Orbital Atherectomy was performed on a 70-year-old male patient by Dr. Naveed Ahmed, Interventional Cardiology Specialist, Aster Hospital, Mankhool
Aster Hospital, Mankhool is the first in Dubai to successfully execute a new form of rotational atherectomy-a procedure that relies on removing plaque and calcified blockages in the heart by pulverizing the deposits using an instrument
‘Orbital Atherectomy’ is a medical procedure introduced by Cardiovascular Systems, Inc. The new procedure is safer and easier to use, with reduced likelihood of complications including heart rupture. In Dubai, Aster Hospital is the first to successful attempt and complete this procedure and the third within the UAE. The patient was 70-year old Abdul Kader, hailing from India, with a long history of diabetes and hypertension, and had undergone an angioplasty nearly 10 years ago. The surgery was extremely successful with the patient being discharged within 24-hrs post-operation.
Dr. Sherbaz Bichu, CEO- Aster Hospitals UAE said, “This is a huge milestone for Aster Hospitals and has the potential to revolutionize the department of interventional cardiology especially in a region that has very few doctors trained in rotational atherectomy. Having received his training in Canada, Dr. Naveed Ahmed is well-versed with the procedure, its potential complications and management. The referrals within the Aster DM Healthcare group is an ode to our ever expanding presence and shows that we are dedicated to ensuring the same amount of quality healthcare no matter who you consult. It also stands as a testament to the UAE’s growing role as a centre of medical excellence.”
Dr. Naveed Ahmed said that the patient was followed up with a cardiologist for chest pain on walking a few yards for which medical treatment was optimized. The new form of surgery simplifies interventional cardiology procedure for the best patient outcomes and enables fast recovery. “Despite medication, he persisted to have severe angina on exertion and was referred to me for further angiogram and treatment with angioplasty if required”, said Dr. Naveed. He further asserted, “I worked with the patient to outline the risks and possible complications associated with the procedure and other necessary details. Due to high creatinine presence, specialist opinion from a Nephrologist was considered at all stages (before and after angiogram, before and after angioplasty). The patient is now extremely happy with the post-operative results.”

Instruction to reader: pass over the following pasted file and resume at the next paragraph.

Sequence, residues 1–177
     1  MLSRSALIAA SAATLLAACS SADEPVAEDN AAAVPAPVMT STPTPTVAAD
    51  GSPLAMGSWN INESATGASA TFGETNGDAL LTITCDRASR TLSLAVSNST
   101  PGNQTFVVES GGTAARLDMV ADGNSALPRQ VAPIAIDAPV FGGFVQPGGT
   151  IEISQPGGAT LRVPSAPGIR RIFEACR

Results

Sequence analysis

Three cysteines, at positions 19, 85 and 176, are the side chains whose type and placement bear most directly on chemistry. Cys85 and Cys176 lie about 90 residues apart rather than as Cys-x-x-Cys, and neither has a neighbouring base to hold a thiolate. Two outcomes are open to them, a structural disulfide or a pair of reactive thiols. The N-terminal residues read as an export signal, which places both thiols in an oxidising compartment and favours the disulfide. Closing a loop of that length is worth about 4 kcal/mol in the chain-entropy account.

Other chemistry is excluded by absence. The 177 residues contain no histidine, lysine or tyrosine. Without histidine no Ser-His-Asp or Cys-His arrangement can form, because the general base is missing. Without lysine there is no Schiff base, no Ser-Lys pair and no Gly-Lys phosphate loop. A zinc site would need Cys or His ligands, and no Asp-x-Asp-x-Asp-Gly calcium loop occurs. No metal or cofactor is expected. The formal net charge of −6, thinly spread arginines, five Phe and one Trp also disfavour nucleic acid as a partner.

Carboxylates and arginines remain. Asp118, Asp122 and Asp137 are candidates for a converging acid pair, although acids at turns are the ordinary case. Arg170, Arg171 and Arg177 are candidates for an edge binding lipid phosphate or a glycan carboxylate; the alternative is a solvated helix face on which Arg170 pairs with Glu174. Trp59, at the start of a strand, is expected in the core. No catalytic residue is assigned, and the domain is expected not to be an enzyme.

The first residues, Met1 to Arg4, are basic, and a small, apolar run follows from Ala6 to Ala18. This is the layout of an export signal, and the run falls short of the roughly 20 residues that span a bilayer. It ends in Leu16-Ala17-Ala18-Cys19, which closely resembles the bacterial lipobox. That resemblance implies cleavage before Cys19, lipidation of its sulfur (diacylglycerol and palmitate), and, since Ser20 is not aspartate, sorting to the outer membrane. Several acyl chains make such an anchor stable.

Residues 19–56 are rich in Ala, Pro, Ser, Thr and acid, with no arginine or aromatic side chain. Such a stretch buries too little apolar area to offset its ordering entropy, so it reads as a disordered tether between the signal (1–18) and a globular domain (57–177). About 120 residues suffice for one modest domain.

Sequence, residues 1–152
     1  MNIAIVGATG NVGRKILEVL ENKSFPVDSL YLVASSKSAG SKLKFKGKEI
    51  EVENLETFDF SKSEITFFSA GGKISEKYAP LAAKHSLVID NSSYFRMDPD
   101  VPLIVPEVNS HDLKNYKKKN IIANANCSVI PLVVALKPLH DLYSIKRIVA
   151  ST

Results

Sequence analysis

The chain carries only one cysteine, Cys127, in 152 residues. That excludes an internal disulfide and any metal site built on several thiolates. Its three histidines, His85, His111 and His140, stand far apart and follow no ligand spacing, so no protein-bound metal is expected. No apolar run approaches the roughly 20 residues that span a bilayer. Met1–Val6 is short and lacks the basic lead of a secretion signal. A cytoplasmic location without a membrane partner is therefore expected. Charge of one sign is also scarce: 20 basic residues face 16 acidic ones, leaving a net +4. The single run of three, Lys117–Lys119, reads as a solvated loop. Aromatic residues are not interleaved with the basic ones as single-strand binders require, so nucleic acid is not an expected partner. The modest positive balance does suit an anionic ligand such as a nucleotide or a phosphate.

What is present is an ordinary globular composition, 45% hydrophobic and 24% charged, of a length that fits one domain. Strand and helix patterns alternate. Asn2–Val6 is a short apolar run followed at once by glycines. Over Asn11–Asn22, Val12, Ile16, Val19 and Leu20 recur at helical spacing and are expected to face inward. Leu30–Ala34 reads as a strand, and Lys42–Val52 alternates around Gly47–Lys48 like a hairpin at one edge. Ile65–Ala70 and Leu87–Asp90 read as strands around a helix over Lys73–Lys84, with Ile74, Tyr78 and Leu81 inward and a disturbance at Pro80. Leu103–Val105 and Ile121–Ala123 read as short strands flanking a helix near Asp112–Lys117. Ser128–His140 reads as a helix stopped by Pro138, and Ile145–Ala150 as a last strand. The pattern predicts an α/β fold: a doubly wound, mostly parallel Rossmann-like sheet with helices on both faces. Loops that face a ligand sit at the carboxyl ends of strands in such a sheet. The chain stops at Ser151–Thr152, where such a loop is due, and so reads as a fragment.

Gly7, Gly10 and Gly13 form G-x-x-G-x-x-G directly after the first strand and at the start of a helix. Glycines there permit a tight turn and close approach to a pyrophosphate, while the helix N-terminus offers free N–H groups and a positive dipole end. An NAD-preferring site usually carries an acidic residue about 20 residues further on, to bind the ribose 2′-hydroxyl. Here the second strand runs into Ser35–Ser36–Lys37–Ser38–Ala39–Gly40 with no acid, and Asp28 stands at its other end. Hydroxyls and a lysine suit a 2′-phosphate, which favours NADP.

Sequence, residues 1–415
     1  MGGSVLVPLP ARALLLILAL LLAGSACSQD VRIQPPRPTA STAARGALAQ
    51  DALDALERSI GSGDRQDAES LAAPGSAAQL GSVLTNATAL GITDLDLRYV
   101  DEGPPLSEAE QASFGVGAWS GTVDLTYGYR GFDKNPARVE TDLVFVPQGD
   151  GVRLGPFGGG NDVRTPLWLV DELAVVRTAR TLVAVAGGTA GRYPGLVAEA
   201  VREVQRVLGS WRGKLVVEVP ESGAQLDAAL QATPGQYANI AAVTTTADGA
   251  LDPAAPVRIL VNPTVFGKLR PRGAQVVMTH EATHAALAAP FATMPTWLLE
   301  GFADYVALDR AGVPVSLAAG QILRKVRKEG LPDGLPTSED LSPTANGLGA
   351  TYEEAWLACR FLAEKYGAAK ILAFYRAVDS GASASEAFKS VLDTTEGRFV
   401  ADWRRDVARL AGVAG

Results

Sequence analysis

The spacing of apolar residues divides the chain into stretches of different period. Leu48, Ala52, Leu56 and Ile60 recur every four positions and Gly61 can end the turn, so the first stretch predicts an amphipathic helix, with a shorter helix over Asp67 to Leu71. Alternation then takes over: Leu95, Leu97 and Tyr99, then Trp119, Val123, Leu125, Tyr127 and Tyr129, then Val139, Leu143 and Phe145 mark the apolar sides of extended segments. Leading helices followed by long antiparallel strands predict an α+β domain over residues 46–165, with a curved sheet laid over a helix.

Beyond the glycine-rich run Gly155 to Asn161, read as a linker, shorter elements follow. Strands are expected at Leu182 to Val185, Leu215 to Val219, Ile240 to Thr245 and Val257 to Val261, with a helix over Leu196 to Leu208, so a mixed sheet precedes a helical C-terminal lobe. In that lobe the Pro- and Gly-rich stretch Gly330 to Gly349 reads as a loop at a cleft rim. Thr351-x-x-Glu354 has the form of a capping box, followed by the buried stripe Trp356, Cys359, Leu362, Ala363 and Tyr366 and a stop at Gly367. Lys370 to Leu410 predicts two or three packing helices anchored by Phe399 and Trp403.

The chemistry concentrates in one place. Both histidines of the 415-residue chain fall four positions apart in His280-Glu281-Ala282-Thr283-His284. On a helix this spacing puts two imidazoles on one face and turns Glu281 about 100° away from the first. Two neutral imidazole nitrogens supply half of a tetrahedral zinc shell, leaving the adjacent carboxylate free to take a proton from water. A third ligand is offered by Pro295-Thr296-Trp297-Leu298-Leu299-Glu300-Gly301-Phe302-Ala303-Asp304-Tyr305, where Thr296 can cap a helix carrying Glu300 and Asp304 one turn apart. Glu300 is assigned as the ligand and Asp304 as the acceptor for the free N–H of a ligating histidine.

In older patients, blockages in the heart tend to get calcified. Coronary artery calcification2 (CAC) is highly prevalent in patients with coronary heart disease (CHD) and is associated with major adverse cardiovascular events. The prevalence of CAC is age- and gender-dependent, occurring in over 90% of men and 67% of women older than 70 years of age.
When the calcium levels in the arteries are too high, it is difficult to open the artery with only balloon dilation and a stent. Prior to the procedure, the patient was put on medication to alleviate angina and was referred for an angiogram. The angiogram revealed that the previous stent in one of the heart vessels was clear. Moreover, the angina was attributed to an artery which was heavily calcified. Four weeks following the angiogram, the orbital atherectomy was performed. The artery which grew from less than 1mm to nearly 3-3.5mm was de-calcified (I.e. parts of the calcium was broken down) and three stents were inserted.
In atherectomy, a device is introduced into the heart to remove a part of the calcium from the blocked artery, after which the balloon is introduced and an angioplasty is performed. The rotational atherectomy procedure is considered rather complex and of high-risk as its complications include artery rupture, often resulting in mortality. Orbital atherectomy, on the other hand, is a refined and modified version of this technique with reduced risk of complications.
Dr. Naveed Ahmed has a Fellowship in Interventional Cardiology and Structural Heart Interventions from St Michael’s Hospital, University of Toronto, Canada. He obtained his DM (Cardiology) in King George’s Medical University, Lucknow, MD (Medicine) from Government Medical College, Nagpur and MBBS: JJM Medical College, Davangere, Karnataka.
Prior to joining Aster, he was a Clinical fellow in structural heart disease intervention, St. Michael’s Hospital, University of Toronto, Canada. He brings to the team extensive clinical expertise within coronary and peripheral angiography, angioplasty, pacemaker implantation and structural heart intervention.
News Link: Zawya